This week saw the launch of Mission Automotive, an exciting new initiative that aims to find ex-armed forces personnel employment in the car industry. It’s being coordinated by the team behind Mission Motorsport, which SMMT has supported for a number of years with ex-service people, including many with disabilities, joining the automotive sector and rapidly becoming an asset to their respective companies.
It’s great to see a new programme like this that has the potential to transform lives and businesses, and a reminder that UK Automotive is not just an industry, but is made up of individuals who all bring something different to the table. If we’re to remain ahead of the curve we need to pick the best people from the widest selection, and veterans come equipped with skills, discipline and experience with the latest technologies that are a real asset on the automotive frontline.
You can’t have failed to miss the coverage of the Geneva motor show this week – this set piece event features a unique mix of sports cars and global bestsellers. The overwhelming message on the ground in Switzerland was of confidence in the industry, its ability to transform and how it is embracing an increasingly electrified future.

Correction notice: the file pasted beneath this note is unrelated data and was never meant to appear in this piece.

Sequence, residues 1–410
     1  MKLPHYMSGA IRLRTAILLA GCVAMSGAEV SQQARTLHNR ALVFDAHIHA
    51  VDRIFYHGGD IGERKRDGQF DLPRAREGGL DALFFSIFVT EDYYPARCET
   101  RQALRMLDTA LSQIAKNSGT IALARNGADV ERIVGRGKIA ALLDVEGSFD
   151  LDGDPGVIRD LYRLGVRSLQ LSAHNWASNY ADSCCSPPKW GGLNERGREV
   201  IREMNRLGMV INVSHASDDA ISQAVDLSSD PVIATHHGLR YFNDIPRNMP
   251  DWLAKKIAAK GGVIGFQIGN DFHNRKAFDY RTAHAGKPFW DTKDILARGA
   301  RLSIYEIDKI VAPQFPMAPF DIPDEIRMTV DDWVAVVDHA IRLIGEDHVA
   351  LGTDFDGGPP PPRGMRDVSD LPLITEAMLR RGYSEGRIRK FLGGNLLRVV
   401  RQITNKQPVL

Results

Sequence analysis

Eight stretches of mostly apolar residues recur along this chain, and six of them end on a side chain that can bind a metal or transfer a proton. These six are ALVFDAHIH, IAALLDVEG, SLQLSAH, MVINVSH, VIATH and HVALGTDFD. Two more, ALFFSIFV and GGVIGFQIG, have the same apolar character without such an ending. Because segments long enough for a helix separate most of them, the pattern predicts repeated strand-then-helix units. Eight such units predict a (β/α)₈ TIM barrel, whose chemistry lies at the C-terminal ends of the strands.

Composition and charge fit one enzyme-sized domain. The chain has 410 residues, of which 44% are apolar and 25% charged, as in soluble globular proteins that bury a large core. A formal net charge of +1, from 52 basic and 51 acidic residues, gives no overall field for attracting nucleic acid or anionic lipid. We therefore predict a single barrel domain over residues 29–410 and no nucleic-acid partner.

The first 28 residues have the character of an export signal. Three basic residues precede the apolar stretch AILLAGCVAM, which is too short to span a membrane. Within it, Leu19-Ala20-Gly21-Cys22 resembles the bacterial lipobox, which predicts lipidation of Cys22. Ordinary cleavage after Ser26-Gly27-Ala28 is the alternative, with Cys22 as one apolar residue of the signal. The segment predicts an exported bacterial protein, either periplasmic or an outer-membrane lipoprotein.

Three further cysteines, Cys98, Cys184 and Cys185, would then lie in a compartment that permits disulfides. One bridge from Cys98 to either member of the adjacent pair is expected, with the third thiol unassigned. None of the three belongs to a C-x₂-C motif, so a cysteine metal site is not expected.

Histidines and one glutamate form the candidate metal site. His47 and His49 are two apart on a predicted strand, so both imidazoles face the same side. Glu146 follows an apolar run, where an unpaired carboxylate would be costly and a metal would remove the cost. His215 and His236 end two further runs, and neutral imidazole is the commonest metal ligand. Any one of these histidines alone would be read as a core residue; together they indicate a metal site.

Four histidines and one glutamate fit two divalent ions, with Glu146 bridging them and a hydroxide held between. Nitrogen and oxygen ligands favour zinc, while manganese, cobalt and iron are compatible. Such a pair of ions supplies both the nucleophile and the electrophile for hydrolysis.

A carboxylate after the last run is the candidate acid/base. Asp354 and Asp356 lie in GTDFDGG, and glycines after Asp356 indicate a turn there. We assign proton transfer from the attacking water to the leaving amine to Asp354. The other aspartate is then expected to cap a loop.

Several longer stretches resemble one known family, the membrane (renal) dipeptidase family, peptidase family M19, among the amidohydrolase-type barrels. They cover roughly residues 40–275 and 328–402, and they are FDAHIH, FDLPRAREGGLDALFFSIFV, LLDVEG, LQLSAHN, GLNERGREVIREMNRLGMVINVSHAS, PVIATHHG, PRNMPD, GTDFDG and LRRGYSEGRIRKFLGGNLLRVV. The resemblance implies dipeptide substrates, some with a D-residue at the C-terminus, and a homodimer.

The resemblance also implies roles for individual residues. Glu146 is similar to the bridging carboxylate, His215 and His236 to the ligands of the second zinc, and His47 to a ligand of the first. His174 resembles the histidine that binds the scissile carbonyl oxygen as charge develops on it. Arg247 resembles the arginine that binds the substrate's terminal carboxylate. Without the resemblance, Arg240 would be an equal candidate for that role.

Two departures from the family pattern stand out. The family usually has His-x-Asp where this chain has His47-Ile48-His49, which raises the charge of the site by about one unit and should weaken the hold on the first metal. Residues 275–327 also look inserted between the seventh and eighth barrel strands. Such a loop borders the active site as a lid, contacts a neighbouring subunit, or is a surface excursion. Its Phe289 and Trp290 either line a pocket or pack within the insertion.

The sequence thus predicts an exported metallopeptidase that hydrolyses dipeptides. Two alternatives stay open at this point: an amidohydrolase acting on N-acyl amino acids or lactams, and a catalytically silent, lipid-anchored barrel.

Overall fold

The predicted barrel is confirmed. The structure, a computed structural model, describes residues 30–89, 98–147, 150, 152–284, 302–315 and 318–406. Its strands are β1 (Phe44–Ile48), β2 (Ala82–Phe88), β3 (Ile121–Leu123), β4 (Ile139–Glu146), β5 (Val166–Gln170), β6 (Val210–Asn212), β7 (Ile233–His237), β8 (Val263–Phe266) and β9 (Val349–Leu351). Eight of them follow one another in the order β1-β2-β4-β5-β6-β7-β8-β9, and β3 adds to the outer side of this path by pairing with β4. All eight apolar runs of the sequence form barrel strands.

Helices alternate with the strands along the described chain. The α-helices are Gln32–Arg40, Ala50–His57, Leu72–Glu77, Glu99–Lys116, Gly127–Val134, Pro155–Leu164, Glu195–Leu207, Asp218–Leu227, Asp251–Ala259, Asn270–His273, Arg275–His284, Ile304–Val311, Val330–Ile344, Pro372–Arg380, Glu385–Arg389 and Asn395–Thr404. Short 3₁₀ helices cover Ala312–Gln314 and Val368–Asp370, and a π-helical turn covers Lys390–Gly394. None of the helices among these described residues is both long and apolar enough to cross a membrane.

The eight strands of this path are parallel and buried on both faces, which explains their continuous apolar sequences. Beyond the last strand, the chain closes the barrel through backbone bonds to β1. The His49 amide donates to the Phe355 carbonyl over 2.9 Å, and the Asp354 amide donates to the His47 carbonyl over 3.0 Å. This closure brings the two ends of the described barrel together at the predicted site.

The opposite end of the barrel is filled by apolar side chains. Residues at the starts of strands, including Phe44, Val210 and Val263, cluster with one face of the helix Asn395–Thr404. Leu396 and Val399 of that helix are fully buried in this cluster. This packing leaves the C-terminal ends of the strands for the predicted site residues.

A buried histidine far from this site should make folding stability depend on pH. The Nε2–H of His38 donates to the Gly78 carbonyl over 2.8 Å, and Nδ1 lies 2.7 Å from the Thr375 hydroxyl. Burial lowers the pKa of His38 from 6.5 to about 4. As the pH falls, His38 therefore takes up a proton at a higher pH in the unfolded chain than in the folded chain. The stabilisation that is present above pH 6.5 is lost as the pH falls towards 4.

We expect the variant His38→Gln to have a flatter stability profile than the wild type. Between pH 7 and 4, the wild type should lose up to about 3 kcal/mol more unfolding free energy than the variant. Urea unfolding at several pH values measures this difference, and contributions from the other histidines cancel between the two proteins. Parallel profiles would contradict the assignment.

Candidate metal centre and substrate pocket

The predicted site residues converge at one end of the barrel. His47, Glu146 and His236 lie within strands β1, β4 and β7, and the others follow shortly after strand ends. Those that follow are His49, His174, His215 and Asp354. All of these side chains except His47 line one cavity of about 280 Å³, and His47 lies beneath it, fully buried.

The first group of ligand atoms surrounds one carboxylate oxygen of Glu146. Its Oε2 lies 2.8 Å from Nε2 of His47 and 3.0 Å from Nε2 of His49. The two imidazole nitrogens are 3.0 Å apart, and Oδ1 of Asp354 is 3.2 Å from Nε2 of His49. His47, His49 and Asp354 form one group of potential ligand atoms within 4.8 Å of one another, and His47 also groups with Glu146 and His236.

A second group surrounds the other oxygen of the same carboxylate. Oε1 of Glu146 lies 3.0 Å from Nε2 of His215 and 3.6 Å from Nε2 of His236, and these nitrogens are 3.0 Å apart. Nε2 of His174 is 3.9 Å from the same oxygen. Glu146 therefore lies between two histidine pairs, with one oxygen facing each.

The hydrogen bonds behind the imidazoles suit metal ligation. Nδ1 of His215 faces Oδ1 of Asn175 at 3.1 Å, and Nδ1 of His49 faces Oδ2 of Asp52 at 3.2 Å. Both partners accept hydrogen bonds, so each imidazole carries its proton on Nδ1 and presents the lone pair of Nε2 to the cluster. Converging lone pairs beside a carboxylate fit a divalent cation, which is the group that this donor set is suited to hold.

Sadly that optimism has yet to translate into the figures we see in our new car registrations – while market share of alternatively fuelled vehicles is increasing each month, it’s not happening as quickly as is needed. Indeed, PHEV numbers have been held back by the reprofiling of the plug-in grant last October, in a market where there is some hesitancy from customers as there always is with new technology.
Car makers have made huge commitments to bring to market an ever-increasing range of exciting zero and ultra-low emission vehicles and give buyers greater choice. But if the UK is to achieve its electrification ambitions, a world-class package of incentives and infrastructure is needed. The removal of the plug-in grant from PHEVs was a backward step and sends entirely the wrong message. Supportive, not punitive measures are needed, else ambitions will never be realised.